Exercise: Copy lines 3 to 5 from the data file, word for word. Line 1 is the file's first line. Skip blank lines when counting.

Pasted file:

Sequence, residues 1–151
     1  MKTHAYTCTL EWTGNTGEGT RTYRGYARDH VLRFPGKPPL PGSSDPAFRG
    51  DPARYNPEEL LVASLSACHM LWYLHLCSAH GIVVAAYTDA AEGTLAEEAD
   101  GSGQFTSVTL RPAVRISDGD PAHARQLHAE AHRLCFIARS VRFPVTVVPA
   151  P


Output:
    51  DPARYNPEEL LVASLSACHM LWYLHLCSAH GIVVAAYTDA AEGTLAEEAD
   101  GSGQFTSVTL RPAVRISDGD PAHARQLHAE AHRLCFIARS VRFPVTVVPA
   151  P